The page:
HR Superstars
HR Superstars

Episode 19 · 3 months ago

Impactful HR Through the Lens of Empathy


In this episode of HR Superstars, we talked with Elisa Garn, VP Digital Brand at GBS Benefits, Inc., who shared several personal stories explaining how she became more empathic and learned firsthand the sting of pity and sympathy in a vulnerable and painful situation.

With great humor and candor, she offered unique perspectives around the difference between tactical and strategic HR. She also provided a fascinating framework for the evolution of roles and responsibilities in one’s HR career. She uses the metaphor of a city to refer to your business and the three HR archetypes are: The City Planner, The Traffic Cop, and the Mayor.

You can read more about “The Governance of your HR Career” in Elisa’s Forbes article.

We also talked about:

-How HR can reshape society by improving the employee experience

-Understanding strategic objectives, not getting bogged down in admin

-How Elisa increased her empathy after experiencing discrimination at work

-It’s not your job to engage employees, it’s your job to empower them

For the entire interview, subscribe to HR Superstars on Spotify, Apple Podcasts, or Stitcher. Or, tune in on our website.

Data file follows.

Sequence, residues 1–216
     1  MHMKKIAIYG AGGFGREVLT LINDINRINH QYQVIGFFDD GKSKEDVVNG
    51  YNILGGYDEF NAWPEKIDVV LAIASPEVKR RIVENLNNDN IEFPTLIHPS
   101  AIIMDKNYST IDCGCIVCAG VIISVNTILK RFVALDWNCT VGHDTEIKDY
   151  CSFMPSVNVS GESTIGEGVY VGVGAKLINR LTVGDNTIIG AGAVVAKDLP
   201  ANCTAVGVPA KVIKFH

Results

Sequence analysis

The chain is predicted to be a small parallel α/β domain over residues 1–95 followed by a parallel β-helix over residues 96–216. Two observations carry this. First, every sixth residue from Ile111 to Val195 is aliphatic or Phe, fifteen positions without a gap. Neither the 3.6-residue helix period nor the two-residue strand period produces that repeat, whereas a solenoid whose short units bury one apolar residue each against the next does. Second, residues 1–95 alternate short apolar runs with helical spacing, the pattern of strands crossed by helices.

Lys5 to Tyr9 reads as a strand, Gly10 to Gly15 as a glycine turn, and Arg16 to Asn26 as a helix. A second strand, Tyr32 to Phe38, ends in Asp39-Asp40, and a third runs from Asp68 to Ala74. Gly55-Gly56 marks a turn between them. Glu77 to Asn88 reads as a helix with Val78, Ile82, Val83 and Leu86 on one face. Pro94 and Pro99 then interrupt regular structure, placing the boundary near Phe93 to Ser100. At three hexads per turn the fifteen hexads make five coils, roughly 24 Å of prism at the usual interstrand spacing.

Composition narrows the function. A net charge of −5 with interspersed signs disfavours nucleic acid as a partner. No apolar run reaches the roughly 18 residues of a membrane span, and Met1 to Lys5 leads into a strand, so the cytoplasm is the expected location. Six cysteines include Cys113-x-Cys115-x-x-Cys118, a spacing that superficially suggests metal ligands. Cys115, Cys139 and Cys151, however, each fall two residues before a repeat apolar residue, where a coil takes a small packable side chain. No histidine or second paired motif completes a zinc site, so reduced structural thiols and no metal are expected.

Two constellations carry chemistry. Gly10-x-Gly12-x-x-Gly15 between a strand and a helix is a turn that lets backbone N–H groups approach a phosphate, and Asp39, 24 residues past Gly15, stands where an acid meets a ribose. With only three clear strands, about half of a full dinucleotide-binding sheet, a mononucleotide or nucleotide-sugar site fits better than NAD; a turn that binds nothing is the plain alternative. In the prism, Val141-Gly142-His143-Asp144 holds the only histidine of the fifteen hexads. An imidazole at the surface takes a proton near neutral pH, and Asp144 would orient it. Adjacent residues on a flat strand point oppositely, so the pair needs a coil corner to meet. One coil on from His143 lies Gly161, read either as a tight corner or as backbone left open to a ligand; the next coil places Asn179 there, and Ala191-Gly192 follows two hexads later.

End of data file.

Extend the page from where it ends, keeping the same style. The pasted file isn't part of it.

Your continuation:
These people that are at to fivers gohome at the end of the day and how they, how they were at work affects the kindof spouse they are. It affects the kind o apparent they are. It affects thekind of neighbor that they are and when you start to really like think aboutthe ripple impact of that of how h r is showing up in that environment tocurate that experience for the, however many dozens, hundreds, thousands ofpeople in their in their care, that's mind, blowing to me, you're, listening to hr superstars, apodcast from th fifteen five, the highlight stories from the front linesof h, r and people of each episode will show case fascinating conversationswith leaders offering their unique experiences and advice for building anextraordinary company and culture. Let's get into the show, welcome back to another episode of hrsuperstars, i'm your host chain, medcalf and i'm here with my co founderand co. David hassell really excited today to have lisa garn, join us now,alisa somebody that i've been following on lington for quite a while now andi'm always just completely touched, inspired and kind of amazed at thetruth telling that she does on link in, i recently described her to david asone of the most bold, no f given yet equally compassionate and loving voiceson link in so i highly recommend, go and follow her on linkedin and herofficial bio is that she is vp of thought, leadership and brand marketingfor g bs benefits a full service broker based in salt lake city. Her experienceincludes, more than fifteen years in h, r recruiting an employer brand strategy,primarily with small, to mid sized businesses. A true believer of theglobal impact h r can have on creating a better human experience. Lisas careerpath now focuses on the advocacy and influence for the progression of the hrfunction within the business environment. So welcome to the show he say it'sreally great to have you. Thank you. I just so you know. I know everybody saysit's about their bio, but i wrote that really late one night,while i was eating a big bowl of ice cream and probably feeling pretty goodabout myself, so i'm so sorry to all of your listeners that they had to g getthrough that whole thing. To finally hear us talking, but thank bios are oneof the weirder weirder things especially to hear other people readthem and you're like what is this? You know you know, but i i do. I think i am.I love writing, though, so i feel like when other people read what i wroteit's sort of like a testament that hey i'm like a published author now,because my bio was after and being read by other people, not me it's officialokay, so one of the first things i'm really curious about is this. You knowthis intersection of thought, leadership and brand marketing with hr,and can you just break down a little bit of what do you actually do? How areyou combining you know h, r, with brand marketing and brand development, andjust how does that all work? Well: okay, i'm colin a spado spadehere you want to talk vulnerability. We made that title up, because i wentthree months being at this company without a title and we're like i needto have something for business cards, so it was like well, we want you outadvocating on our behalf. We want you serving our clients in our prospects.You know the hr community at large you're, a great writer. You talk onlincoln a lot. So let's call you a thought leader which anecdotally, ifeel like the minute that you get the title as thought leader. You've justlost all credibility in the universe like it's, okay for somebody else to callyou that, but you don't call yourself that this other side of what they haveme doing, though, on the branding side and really understanding and tappinginto the mindset of our clientele of...